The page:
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scarcely a School site has been selected on account of the
proximity of a good well - a common point of advantage in
choosing the position of an ordinary dwelling-house. "The
Department," is greatly to blame in not Iaying down a rule in
this respect. Water, for purposes of bodily cleanliness is best
furnished from rain water tanks. They need not be very large
to meet the demands all the year round in our climate. The
water having been provided, then there ought to be lavatories
in every School, with soap and a towel provided by the School
Board. I was much interested to find this privilege taken free
advantage of by the fisher boys and girls in the Cromarty
School. A word from the master on dirty hands or faces
would keep everything right. I have already spoken of the
urinals. They too could be readily flushed automatically and
periodically by the rain water collected from their roofs.
I am opposed to W.C's. as a rule. They require much
water, constant attention, and when out of order need the
expensive and troublesome services of a plumber. An arrange-
ment of dry prviies, such as are so well planned and managed
at Tarbat and Culbokie is simple and sufficient. Indeed, l am
inclined to believe that, after all, the pail system would be at
once the simplest and best. Mr Ross, at Ferrintosh, worsk it
well. In either case, a piece of land should be attached to
the School where the contents could be applied as manure. Mr
Meldrum finds it useful on his small farm, used in this way.
Many Schools want better means of ventilation and heating.
No inlet for cold air should open too near the children, and a
supply of warmed, fresh air, as in the Manchester grate, which
I found working very well in several cases, is to be recom-
mended. The outlets should be always protected by flaps. In
most cases they frequently act, especially in stormy weather
as inlets. It may be thought that I am entering into too
much detail as regards Schools, and perhaps I should have
directed my attention to Churches and Halls. But not only
are the greatest dangers arising constantly from neglect of the
laws of health in connection with children crowded together,
fasting, it may be, and susceptible to all the deadly ailments
of childhood, but I wish the Council to be persuaded that in
the interests of Hygiene here they have an opportunity never

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perhaps to recur, of presenting object lessons of the necessity of
attention to sanitary rules daily, nay hourly, to the young and
open mind. If health be the valuable thing we all believe it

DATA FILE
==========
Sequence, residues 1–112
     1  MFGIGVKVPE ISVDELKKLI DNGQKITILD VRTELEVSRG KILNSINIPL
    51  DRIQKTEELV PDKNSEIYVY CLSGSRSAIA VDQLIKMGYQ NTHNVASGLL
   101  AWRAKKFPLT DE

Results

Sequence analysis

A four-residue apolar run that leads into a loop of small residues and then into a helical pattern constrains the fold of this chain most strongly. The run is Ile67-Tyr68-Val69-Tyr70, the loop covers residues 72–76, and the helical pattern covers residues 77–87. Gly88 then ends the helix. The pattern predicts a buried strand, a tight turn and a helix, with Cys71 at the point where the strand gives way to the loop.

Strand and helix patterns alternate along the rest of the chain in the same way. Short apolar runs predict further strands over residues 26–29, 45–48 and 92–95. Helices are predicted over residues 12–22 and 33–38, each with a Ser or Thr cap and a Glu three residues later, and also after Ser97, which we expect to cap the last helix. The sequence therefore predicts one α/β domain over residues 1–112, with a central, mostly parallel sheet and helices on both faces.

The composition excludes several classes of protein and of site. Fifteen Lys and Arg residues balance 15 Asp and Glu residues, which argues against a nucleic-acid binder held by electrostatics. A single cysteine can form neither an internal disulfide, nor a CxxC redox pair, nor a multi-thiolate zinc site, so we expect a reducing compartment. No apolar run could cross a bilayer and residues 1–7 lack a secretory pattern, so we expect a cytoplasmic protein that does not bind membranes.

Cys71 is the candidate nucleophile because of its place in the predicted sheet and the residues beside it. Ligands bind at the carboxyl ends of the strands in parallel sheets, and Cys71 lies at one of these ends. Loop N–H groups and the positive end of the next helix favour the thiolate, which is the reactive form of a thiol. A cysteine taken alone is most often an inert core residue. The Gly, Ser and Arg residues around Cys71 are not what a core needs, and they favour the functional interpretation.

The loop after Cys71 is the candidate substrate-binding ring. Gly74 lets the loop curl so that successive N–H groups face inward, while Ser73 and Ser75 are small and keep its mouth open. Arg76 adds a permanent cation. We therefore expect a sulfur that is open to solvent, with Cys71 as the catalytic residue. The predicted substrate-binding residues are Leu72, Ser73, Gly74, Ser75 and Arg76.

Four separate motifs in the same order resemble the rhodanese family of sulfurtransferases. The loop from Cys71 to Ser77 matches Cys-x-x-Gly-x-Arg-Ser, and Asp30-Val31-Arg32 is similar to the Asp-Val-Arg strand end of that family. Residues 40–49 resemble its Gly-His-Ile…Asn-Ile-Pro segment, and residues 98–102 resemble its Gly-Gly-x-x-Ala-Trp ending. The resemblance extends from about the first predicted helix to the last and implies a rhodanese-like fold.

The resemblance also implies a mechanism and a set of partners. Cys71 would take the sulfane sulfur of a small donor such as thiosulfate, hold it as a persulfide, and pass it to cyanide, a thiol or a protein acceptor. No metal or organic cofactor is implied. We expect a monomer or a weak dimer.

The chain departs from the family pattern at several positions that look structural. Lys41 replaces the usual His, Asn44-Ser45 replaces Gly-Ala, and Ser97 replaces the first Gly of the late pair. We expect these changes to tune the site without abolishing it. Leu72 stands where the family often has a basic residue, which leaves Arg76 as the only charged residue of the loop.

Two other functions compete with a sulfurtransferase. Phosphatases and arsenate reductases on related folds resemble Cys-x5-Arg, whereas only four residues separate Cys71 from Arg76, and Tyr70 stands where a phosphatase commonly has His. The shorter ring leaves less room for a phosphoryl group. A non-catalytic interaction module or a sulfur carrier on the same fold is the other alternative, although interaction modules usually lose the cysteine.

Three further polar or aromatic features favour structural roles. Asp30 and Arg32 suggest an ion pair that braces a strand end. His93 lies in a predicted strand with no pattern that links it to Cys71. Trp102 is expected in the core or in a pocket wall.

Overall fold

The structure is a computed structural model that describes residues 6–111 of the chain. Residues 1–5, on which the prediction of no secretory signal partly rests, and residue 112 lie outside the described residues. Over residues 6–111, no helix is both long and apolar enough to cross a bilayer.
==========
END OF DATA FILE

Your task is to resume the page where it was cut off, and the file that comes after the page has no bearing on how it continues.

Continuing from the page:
to be, surely we cannot afford to lose the best possible chance
of setting forth its importance and enforcing its safeguards.

My friend, Dr Ross, Barvas, who has sent me a most careful
and thoughtful document on the public health of his parish,
has suggested the printing and publishing of a leaflet in Gaelic
summarising the leading points of Hygiene and especially ex-
pounding the rules for dealing with outbreaks of infectious
disease. I hope that he and I may be able to arrange for this,
which I feel sure would be of great service to many, and I trust
the County Council may give its sanction to such a publication.

The next division is a very wide one, viz., the Sanitary Con-
dition generally of the County, but is really narrowed by the
other sections which follow. The first subject to consider is
the primary one of means of communication. It is only dawn-
ing on our legislators that there are parts of Scotland and
Ireland where there are no roads. It is simply disgraceful
that such a state of things should exist within the bounds of
a rich and prosperous country like our own. The providing
of means of transit is the very first step in sanitary progress, and
without such we officers of public health are powerless. I trust
then, Parliament in its wisdom will see the urgency of the
petition for help, and mercifully grant its prayer. As Dr Ross
in his report well shows, good roads and drainage go together.
In connection with very many townships in the West and
even in the villages of the East Coast, means for loading off
the surface water quickly are urgently needed. Otherwise
stagnant, putrifying pools are left to breed all sorts of noxious,
organic substances, fit hot-bed for the germs of disease, and it
may be of death.
The next most important point is the disposal of slop
waters which may be carried off by the channels spoken of, or
in the absence of sewers, carried into ordinary tile drains
which, where there is sufficient fall, might be used to irrigate,
at a proper depth from the surface, some convenient piece of
ground. The solid refuse, including the excreta, should be

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